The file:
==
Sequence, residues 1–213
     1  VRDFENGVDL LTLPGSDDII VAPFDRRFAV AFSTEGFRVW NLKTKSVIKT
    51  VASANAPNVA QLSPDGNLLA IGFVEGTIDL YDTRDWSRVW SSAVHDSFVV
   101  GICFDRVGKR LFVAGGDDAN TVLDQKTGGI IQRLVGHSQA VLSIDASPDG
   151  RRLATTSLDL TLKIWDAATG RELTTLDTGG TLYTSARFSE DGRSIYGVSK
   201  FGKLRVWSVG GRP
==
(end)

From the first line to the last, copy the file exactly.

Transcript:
Sequence, residues 1–213
     1  VRDFENGVDL LTLPGSDDII VAPFDRRFAV AFSTEGFRVW NLKTKSVIKT
    51  VASANAPNVA QLSPDGNLLA IGFVEGTIDL YDTRDWSRVW SSAVHDSFVV
   101  GICFDRVGKR LFVAGGDDAN TVLDQKTGGI IQRLVGHSQA VLSIDASPDG
   151  RRLATTSLDL TLKIWDAATG RELTTLDTGG TLYTSARFSE DGRSIYGVSK
   201  FGKLRVWSVG GRP